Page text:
While this might sound similar to a traditional office lease, there are some important distinctions between the two, including:

  • Full service: As the name suggests, serviced offices offer a level of service that traditional office leases don’t. Serviced office spaces have dedicated on-site staff that act as an extended member of your team, from reception services to mail and package management as well as support with IT and troubleshooting and more.
  • Flexibility: Unlike traditional office leases that require long-term commitments, serviced offices offer flexible terms that align with the natural cycles of your business. You can scale up your space needs if your team grows, scale down if your team contracts, and get out of your agreement with less hassle. Ultimately, with serviced offices, it costs less to change your mind.
  • Cost-efficiency: Serviced office spaces come in a variety of sizes, allowing you to take on—and pay for—the exact amount of space you need for your team—no more and no less. This includes on-demand access to meeting rooms and conference spaces so that you’re not paying for these amenities when you’re not using them. Serviced office spaces also cut back on the overhead costs of running an office, from maintenance to electrical bills, furnishing, services, and more.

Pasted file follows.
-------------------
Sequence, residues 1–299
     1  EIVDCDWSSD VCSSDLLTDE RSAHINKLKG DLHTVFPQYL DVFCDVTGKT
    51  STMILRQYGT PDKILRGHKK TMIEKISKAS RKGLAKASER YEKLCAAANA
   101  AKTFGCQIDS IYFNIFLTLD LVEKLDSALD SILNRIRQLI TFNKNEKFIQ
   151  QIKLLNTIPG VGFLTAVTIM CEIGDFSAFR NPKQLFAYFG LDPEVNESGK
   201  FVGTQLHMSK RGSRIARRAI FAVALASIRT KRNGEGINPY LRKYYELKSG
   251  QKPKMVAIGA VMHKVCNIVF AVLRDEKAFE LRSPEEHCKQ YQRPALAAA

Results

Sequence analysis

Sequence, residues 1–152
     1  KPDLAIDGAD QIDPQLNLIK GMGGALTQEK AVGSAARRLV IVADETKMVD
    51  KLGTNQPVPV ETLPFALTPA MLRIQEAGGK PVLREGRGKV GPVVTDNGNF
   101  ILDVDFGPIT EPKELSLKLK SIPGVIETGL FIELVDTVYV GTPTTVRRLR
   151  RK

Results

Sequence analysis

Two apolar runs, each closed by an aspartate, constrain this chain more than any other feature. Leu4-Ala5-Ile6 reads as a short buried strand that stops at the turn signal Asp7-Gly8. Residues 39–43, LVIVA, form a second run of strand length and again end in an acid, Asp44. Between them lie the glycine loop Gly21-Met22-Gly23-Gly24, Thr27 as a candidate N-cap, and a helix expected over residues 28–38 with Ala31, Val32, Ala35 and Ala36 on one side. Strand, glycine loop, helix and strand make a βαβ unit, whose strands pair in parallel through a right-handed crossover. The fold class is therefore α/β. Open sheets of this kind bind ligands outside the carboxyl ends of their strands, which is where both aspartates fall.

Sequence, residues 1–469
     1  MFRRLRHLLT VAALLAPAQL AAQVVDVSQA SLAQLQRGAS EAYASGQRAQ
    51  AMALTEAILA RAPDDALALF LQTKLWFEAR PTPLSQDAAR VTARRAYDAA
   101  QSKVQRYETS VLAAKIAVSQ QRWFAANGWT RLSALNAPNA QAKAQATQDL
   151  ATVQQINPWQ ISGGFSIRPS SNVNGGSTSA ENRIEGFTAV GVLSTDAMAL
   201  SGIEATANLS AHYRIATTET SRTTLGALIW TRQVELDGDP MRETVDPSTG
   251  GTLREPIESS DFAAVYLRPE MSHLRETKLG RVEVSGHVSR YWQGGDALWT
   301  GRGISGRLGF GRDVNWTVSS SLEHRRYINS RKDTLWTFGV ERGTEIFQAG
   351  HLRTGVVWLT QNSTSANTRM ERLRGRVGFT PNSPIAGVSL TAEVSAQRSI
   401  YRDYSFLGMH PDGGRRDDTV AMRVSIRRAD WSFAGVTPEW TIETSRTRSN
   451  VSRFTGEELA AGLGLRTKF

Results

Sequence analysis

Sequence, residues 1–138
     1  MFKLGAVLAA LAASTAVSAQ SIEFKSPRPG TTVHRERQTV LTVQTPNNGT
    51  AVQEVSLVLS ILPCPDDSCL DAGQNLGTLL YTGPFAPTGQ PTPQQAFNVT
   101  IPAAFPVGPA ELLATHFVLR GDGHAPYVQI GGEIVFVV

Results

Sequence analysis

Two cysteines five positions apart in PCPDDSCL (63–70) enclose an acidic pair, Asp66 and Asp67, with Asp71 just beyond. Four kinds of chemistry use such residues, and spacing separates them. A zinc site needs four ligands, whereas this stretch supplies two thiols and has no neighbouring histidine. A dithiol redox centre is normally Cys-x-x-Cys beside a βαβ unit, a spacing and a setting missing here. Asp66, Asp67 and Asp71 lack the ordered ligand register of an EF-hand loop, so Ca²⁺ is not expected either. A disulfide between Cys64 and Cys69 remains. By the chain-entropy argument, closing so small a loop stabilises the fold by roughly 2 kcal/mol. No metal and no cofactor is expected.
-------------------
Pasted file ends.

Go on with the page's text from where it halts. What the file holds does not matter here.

• Community: When your team works in a serviced office space, they get a private, dedicated workspace when they need it while still also gaining access to a bustling professional community, including events, networking opportunities, and social gatherings.

While this concept might sound similar to traditional office leases, they’re far from the same thing.

These spaces usually come with amenities such as internet, phone systems, and administrative support, and are leased on a flexible basis, typically on a short-term agreement. The provider takes care of the maintenance and upkeep of the space, allowing tenants to focus on their business operations.

As organizations move increasingly toward remote work and reevaluate their office space needs, shared workspaces provide them with an innovative solution that offers everything they
need without paying for things they don’t.

And in a post-pandemic professional landscape where uncertainty seems to be the only thing we can be certain of, the value of the flexibility these solutions offer can’t be overstated.

Co-working and serviced offices are vastly different variations of the same general concept. It’s important to know the difference between the two options so that you can make informed decisions about what’s best for your business—rather than missing an opportunity for your organization.

If you’re in search of a serviced office for your team or organization, book a tour of your local iQ Offices location today.

Kane Willmott is the co-founder and CEO of iQ Offices, the largest independent Canadian- owned co-working operator with offices in Ottawa, Toronto, Montreal and Vancouver. iQ Offices provides beautiful office spaces with safety, service, privacy and design at the forefront.